First we create our function using the new syntax and then we call it with three regular arguments and two keyword arguments. The function itself will print out both types of arguments. As you can see, the args parameter turns into a tuple and kwargs turns into a dictionary. You will see this type of coding used in the Python source and in many 3rd party Python packages.

## A Note on Scope and Globals¶

Python has the concept of scope just like most programming languages. Scope will tell us when a variable is available to use and where. If we define the variables inside of a function, those variables can only be used inside that function. Once that function ends, they can no longer be used because they are out of scope. Let’s take a look at an example:

```def function_a():
a = 1
b = 2
return a+b

def function_b():
c = 3
return a+c

print( function_a() )
print( function_b() )
```

If you run this code, you will receive the following error:

```NameError: global name 'a' is not defined
```

This is caused because the variable a is only defined in the first function and is not available in the second. You can get around this by telling Python that a is a global variable. Let’s take a look at how that’s done:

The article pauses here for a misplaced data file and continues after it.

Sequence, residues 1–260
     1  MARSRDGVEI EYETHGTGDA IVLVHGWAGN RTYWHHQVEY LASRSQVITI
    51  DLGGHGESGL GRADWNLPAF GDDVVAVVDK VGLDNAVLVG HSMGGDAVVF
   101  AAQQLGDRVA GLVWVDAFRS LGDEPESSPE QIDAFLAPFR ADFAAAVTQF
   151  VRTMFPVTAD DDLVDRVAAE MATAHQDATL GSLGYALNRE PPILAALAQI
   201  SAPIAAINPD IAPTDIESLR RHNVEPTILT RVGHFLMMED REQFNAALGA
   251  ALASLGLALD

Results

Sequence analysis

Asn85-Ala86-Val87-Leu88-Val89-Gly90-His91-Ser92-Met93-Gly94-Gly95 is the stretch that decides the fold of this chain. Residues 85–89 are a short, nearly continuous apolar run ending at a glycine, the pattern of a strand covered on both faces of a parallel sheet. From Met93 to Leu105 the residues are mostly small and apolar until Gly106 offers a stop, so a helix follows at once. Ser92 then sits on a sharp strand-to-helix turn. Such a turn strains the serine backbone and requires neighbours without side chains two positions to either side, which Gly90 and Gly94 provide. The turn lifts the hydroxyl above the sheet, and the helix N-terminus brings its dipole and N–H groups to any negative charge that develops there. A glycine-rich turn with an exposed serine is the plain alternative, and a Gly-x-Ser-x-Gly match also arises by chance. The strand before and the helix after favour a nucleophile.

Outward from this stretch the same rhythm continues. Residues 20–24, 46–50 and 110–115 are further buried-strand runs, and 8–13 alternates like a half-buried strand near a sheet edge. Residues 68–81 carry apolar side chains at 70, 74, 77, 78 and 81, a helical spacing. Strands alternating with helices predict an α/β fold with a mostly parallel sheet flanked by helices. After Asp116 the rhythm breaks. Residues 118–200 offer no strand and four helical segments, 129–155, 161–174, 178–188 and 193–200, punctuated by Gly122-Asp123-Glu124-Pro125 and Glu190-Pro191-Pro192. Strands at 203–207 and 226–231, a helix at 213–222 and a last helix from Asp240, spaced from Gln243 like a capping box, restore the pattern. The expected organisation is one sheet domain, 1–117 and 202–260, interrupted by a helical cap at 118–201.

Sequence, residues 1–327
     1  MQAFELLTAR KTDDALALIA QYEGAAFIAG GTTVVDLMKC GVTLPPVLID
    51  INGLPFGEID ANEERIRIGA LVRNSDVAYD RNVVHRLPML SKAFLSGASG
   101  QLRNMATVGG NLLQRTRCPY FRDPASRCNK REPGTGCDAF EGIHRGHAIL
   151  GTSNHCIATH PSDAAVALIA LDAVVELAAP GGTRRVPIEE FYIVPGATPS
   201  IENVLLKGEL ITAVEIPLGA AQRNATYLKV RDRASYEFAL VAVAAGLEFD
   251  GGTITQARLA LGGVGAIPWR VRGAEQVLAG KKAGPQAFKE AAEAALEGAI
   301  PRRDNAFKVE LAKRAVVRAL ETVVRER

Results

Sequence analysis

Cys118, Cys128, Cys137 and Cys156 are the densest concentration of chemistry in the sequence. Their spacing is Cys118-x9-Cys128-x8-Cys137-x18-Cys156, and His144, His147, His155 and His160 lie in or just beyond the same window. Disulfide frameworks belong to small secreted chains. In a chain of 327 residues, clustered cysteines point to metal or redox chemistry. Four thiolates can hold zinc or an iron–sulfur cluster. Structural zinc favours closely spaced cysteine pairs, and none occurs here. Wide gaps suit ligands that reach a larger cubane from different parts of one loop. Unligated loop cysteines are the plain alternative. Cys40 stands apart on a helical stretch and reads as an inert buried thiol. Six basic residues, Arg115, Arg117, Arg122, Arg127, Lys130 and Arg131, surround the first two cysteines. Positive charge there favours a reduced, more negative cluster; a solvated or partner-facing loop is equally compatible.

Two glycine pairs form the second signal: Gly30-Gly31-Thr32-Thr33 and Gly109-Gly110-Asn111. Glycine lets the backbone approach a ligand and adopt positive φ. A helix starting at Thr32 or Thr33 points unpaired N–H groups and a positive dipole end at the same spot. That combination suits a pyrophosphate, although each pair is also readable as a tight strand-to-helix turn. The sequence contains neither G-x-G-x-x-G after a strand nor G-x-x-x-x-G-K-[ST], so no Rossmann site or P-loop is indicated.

```def function_a():
global a
a = 1
b = 2
return a+b

def function_b():
c = 3
return a+c

print(function_a())
print(function_b())
```

This code will work because we told Python to make a global, which means that that variable is available everywhere in our program. This is usually a bad idea and not recommended. The reason it is not recommended is that it makes it difficult to tell when the variable is defined. Another problem is that when we define a global in one place, we may accidentally redefine its value in another which may cause logic errors later that are difficult to debug.

## Coding Tips¶

One of the biggest problems that new programmers need to learn is the idea of “Don’t Repeat Yourself (DRY)”. This concept is that you should avoid writing the same code more than once. When you find yourself doing that, then you know that chunk of code should go into a function. One great reason to do this is that you will almost certainly need to change that piece of code again in the future and if it’s in multiple places, then you will need to remember where all those locations are AND change them.

Copying and pasting the same chunk of code all over is an example of spaghetti code. Try to avoid this as much as possible. You will regret it at some point either because you’ll be the one having to fix it or because you’ll find someone else’s code that you have to maintain with these sorts of problems.

## Wrapping Up¶

You now have the foundational knowledge necessary to use functions effectively. You should practice creating some simple functions and try calling them in different ways. Once you’ve played around with functions a bit or you just think you thoroughly understand the concepts involved, you can turn to the next chapter on classes.